Sunday 17 February 2019

Yankee teal

There's been good numbers of teal at Druridge since I got back from Taiwan and I've been scanning through them for green-winged teal.

I was working at home on Tuesday when a message came through to say that Andy McLevy had found a green-winger on the Budge fields - A lunchtime twitch was in order and I saw the bird.

It was still there today, making it onto my WeBS list - but we only saw it briefly from the south facing hide and too far for photos and then it disappeared into the flock of 406 regular Eurasian teals.

As well as a good teal count there were over 260 wigeon, 130 curlew and 15 grey heron and a single black-tailed godwit. A pair of oystercatchers were new for the year.

Green-winged teal occur, on average evry three years or so at Druridge. Some of them stay for a long time whlist others are day-birds and they're off. At the minute, the American  green-winged teal Anas carolinensis is considered as seperate species to 'our' teal by the IOC but not by eBird who mainly follow Clements taxonomy. So it could easily get 'lumped' again...

In the meantime it's on my list

This will probably be the highest duck count of the year as numbers will start to decrease soon as birds begin to head north.

Sunday 10 February 2019

Signs of spring

In stark contrast to the cold and snow of last weekend it was quite pleasant out and about this morning, mind it was a bit blowy yesterday.

Yesterday we braved the winds later in the afternoon and walked up through the dunes and back along the beach. In the dunes we flushed up a covey of 12 grey partridges, my first of the year here and since the cattle returned. There were up to 2000 pink-footed geese on the fields beyond the haul road - some of them got up and flew over the dunes.

Pink-footed geese over the dunes
Despite being sandblasted, we had fun watching the sanderling being blown sideways along the beach, they were feeding in the sunshine were it came through a gap in the dunes - the same gap the wind came through. A small flock of eight curlew flew over from the sea.


Two of the Curlew flock
Today we headed inland, first to the Oddie hide were there was little to be seen other than a huge flock of noisy Canada geese.
Canada geese
We continued towards the preceptory where we saw a single yellowhammer on the hedge (there are over 50 in a cover crop only two-fields away). Yellowhammers are hard to come-by these days and are a species that i didn't see last year on the patch. On towards the haul road our souls were lifted by the first singing skylarks of the spring, obviously enjoying the sunshine. There were at least six in the fields either side of the road.  Beyond these fields at least 30 whooper swan and handful of mute swans were grazing, it was impossible to get an accurate count though as some were in a hollow.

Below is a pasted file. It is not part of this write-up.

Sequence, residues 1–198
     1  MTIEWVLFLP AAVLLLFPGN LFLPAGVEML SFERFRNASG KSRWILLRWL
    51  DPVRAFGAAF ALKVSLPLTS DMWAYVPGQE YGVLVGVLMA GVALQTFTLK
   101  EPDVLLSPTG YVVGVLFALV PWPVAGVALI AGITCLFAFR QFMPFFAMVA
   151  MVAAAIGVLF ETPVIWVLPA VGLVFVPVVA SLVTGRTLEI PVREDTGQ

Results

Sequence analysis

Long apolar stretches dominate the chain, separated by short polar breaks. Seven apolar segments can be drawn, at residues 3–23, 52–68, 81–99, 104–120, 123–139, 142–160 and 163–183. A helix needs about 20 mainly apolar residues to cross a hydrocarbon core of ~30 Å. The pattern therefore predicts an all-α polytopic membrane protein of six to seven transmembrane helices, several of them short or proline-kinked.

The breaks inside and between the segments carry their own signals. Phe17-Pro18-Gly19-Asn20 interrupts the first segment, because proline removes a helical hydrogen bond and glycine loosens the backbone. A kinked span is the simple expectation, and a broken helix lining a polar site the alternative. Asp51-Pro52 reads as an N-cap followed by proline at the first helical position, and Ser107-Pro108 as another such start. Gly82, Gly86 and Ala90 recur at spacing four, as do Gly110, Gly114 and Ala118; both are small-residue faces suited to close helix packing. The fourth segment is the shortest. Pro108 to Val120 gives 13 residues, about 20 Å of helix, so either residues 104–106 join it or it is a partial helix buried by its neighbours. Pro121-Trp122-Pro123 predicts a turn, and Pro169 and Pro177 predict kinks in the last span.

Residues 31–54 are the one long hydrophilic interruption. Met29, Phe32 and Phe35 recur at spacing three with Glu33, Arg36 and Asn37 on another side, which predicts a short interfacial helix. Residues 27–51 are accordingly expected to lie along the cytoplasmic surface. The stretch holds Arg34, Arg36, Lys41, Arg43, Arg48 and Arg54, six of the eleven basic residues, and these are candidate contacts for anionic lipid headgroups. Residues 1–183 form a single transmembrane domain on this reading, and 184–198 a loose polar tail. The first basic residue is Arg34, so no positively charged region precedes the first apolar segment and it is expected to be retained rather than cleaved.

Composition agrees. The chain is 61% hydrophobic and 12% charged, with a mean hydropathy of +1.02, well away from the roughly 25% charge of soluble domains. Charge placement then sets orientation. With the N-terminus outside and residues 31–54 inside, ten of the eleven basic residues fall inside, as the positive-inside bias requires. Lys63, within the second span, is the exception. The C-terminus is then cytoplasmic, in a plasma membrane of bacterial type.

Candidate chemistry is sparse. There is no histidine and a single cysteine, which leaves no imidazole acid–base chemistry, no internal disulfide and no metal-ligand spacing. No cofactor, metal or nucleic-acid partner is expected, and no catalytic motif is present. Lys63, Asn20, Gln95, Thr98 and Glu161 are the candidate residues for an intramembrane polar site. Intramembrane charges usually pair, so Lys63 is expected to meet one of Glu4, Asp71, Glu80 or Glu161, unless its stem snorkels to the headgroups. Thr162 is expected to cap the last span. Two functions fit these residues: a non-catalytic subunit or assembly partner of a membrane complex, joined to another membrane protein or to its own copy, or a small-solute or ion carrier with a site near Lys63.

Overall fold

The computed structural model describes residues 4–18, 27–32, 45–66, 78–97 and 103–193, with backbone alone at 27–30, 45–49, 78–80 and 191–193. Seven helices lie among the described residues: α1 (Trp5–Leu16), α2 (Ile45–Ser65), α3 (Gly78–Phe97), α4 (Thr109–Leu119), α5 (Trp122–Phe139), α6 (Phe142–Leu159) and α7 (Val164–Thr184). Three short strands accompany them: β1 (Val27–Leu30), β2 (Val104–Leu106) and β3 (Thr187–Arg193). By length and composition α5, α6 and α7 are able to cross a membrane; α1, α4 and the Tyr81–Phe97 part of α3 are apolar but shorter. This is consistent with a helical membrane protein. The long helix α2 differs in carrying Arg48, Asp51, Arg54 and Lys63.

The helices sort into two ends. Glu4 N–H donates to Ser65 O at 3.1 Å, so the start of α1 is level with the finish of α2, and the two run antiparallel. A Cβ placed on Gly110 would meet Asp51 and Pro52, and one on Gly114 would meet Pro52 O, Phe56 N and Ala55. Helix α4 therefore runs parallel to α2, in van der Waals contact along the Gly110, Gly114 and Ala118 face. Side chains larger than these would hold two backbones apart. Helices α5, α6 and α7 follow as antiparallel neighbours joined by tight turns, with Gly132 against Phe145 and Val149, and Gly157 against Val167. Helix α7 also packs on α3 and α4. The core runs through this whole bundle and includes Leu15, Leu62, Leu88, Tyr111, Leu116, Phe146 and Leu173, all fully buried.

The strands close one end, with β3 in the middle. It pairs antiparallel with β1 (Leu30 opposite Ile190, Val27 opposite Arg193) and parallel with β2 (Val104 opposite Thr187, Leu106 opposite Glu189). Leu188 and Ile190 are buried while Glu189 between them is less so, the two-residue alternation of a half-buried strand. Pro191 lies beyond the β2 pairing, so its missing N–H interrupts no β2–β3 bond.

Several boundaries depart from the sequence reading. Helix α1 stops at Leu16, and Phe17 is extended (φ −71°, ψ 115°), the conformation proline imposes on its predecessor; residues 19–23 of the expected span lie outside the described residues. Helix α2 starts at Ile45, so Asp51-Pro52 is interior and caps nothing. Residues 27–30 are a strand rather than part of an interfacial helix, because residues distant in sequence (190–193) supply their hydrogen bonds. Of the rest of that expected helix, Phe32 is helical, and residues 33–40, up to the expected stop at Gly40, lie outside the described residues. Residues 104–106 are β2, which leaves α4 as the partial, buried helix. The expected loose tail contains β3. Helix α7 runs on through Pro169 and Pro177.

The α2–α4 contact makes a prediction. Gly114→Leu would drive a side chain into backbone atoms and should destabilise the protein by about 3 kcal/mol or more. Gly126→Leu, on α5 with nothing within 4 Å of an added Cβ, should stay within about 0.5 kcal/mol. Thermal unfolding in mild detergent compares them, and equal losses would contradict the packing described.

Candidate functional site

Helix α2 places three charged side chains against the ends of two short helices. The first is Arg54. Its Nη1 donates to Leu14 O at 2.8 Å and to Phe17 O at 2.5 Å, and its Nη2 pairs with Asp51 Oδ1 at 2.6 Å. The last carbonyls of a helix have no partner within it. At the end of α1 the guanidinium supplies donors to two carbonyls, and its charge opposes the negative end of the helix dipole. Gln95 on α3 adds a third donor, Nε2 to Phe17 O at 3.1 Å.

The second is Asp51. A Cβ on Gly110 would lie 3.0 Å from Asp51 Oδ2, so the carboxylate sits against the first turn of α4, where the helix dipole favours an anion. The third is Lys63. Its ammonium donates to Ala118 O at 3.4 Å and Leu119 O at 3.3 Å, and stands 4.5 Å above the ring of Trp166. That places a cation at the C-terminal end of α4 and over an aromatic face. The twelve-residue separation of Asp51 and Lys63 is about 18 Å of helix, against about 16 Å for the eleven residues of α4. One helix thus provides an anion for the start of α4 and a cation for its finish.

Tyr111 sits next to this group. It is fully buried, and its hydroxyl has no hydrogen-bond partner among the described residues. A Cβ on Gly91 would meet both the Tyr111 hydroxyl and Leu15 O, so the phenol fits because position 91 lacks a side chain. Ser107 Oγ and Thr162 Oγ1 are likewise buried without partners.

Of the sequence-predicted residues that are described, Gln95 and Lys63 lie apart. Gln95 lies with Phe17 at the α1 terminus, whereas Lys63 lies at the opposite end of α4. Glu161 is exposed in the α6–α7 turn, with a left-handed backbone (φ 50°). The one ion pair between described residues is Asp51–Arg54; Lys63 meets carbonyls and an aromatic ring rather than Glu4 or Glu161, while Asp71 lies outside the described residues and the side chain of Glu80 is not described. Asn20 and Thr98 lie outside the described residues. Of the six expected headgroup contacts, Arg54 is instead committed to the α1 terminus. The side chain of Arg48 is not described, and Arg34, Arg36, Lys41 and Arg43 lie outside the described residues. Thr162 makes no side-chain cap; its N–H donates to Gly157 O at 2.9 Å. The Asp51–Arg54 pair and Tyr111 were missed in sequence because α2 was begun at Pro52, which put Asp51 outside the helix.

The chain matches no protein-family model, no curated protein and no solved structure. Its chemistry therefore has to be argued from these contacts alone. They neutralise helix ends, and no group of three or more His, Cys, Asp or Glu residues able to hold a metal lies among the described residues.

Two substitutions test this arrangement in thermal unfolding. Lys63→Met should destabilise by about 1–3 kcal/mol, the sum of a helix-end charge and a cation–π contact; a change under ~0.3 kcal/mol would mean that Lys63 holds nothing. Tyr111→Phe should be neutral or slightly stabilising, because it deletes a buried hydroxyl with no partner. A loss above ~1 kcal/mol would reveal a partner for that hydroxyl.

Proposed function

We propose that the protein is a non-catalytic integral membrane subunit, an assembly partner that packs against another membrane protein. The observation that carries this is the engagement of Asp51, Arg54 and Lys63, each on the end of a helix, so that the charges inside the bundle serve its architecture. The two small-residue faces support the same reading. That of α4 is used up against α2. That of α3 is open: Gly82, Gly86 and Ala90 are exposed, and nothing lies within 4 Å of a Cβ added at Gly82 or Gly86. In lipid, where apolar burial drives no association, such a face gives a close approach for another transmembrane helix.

I ventured off the patch (I know, it's not like me and I thought I was going to have a nosebleed) for a wander to Chibburn mouth to check the beach levels where we put the fence up for shorebirds in the summer. I didn't hang about though and headed back down the beach and back onto the patch.

Passing Herring Gull

Sunday 3 February 2019

Snow days

It's been a bit wintery this week.

I managed a midweek excursion to the patch on Wednesday (one benefit of working at home), frosty ground made it an ideal day to walk through the fields towards the Preceptory and back via High Chibburn and Druridge Farm.

A song thrush was on the path towards the hides and the usual selection of duck were on the big pool which remained unfrozen. Towards the Preceptory a handful of lapwing and golden plover were feeding in the pasture field - they sat tight as a peregrine passed over heading north, it was high so they probably did the right thing.

Down to the farm and a large flock of about 25 chaffinches where in the small copse with three coal tits - it's so unusual to see coal tits at this time of year at Druridge, they are normally just an autumn bird.
One of the coal tits at the farm
House sparrows and skemmie pigeons were numerous around the farm buildings but I was hoping for yellowhammers - I was out of luck there. Stock doves were notable in the fields as I returned along the road to Druridge and a large female sparrowhawk flew past me and landed on the fence.

In the hawthorns a robin sat out - my first of the year.

Robin in the hawthorns
On Saturday Janet joined me and we walked the same route - only this time there was snow underfoot and all around us - the song thrushes on the track had multiplied to four.

Snowy track to the hides where song thrushes flew
The field that held the goldies now had over 70 curlew feeding with a few lapwing, goldies and black-headed gulls for company, with a couple of hundred starling.

As we walked to the farm, two skylark flew up calling, 'the cold weather has brought them in' I said to Janet.

snowy track

frozen fields with a flock of pink-feet flying over
Ten tree sparrows were flitting about the farm with the chaffinches and house sparrows and as we approached the cottages two fieldfare flew over the fields - another bird of hard weather.

In front of Druridge Farm at least 800 pink-footed geese grazed, a single greylag was the only exception. We cut through to the beach hoping for snow buntings which we didn't see but we did see five meadow pipits in the dunes - another species brought in by the cold.

With no home-working this week, it will be the weekend before I am back.. but the evenings are getting lighter now and some post-work birding isn't far off.